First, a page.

She nodded, and with a silent incantation, walked through the barred gate as easily as if it were open. Within a few steps, she was engulfed by fog, making the night darker. Ryne paused and cast a quick spell to aid her vision. Another gust of sharp wind clawed at her as she spoke the final words. Why the hell couldn’t he have picked the summer solstice for this?
Row after row of neat, white headstones lined the ground in military order and the precision allowed her to walk without worrying about falling over a grave marker. She skidded across a patch of ice and bit back a curse after she caught her balance. The spring thaw made traversing the grounds dangerous enough.
A few more steps and she cleared the fog. That meant it was magical. Not a good sign. She couldn’t hear the sound of planes from the airport any longer either, another indication it was conjured. It acted like a wall, cutting off the cemetery from the outside world. She kept moving, being more cautious now.
Only moments later, the first wisps of power reached her and she stopped to identify them. A shiver went through her that had nothing to do with the temperature. Yeah, the kid was messing with the dark forces. Some damned powerful ones, too.
She zeroed in on his location and reinforced her protection spells. This was going to be ugly—she knew it. With a quick entreaty for luck, she crept forward, carefully avoiding the places covered with crunchy ice. There wasn’t much cover, but then if this thing was as strong as she suspected, there was no incantation, no physical object, that would hide her presence for long. Dread rose, but she pushed it aside. This was her job, what she’d trained for years to do. She’d handle it.
The kid stood beneath one of the few lights in the cemetery. He looked to be about seventeen, and he used the marble wall that encircled the flagpole like an altar. She noticed the black pillar candles first. They weren’t lit, but it was evidence of dark magic. A book was open between the candles and the pages fluttered in the breeze. A glint caught her eye and she focused on the athame. Seeing a ritual blade in this situation was bad news. Ryne edged closer to hear what the boy was chanting.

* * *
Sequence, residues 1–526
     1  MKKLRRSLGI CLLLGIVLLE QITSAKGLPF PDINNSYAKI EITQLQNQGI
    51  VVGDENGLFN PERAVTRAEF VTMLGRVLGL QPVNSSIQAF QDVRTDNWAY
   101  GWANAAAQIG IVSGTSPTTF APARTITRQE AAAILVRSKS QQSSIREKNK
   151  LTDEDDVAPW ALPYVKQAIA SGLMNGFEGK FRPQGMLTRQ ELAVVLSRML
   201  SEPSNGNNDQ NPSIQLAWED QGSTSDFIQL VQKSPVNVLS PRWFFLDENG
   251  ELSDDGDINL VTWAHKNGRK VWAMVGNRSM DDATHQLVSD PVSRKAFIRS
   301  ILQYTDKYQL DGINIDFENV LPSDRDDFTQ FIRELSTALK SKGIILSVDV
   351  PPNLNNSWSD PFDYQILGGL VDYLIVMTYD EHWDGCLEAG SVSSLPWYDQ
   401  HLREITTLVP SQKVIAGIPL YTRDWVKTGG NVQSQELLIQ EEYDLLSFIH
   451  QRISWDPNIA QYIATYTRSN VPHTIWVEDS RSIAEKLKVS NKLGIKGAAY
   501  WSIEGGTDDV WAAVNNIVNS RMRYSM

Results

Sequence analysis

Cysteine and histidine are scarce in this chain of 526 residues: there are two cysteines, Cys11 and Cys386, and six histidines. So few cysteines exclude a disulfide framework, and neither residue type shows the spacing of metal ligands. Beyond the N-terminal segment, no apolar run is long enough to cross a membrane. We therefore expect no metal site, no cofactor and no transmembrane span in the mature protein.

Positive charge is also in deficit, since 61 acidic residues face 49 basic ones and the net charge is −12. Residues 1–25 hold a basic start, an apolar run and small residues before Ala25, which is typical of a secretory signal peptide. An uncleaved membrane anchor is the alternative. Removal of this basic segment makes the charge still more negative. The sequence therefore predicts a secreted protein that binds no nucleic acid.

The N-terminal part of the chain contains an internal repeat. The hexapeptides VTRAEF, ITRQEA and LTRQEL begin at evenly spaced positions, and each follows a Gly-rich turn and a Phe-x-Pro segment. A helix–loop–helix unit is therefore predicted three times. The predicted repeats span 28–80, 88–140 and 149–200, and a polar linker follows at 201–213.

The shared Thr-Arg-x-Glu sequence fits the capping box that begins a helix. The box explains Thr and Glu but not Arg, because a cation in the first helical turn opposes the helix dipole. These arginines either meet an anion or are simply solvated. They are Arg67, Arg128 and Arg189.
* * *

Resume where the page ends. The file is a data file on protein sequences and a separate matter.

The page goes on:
It wasn’t English.
It wasn’t any language she’d heard spoken before.
Which meant only one thing—something was inside the kid. Whether or not the teenager was alive was anyone’s guess; she wouldn’t know until she forced whatever inhabited his body out into the open. Staying deep in the shadows of a nearby tree, she let her senses probe, trying to discover what she’d be facing.
She couldn’t read a thing.
That made it tough to come up with a plan of action.
Ryne ran through what she knew and made a guess. The boy was a dormant and had probably always had an interest in the arcane. When he’d found the book, he’d started fooling around with it—and he’d called forth something that wasn’t playing. Something strong enough to compel the kid to this cemetery.
Whatever it was, it must be confined to the grounds. For now. No doubt the teen had been summoned to change the situation and it was up to her to prevent it from getting loose.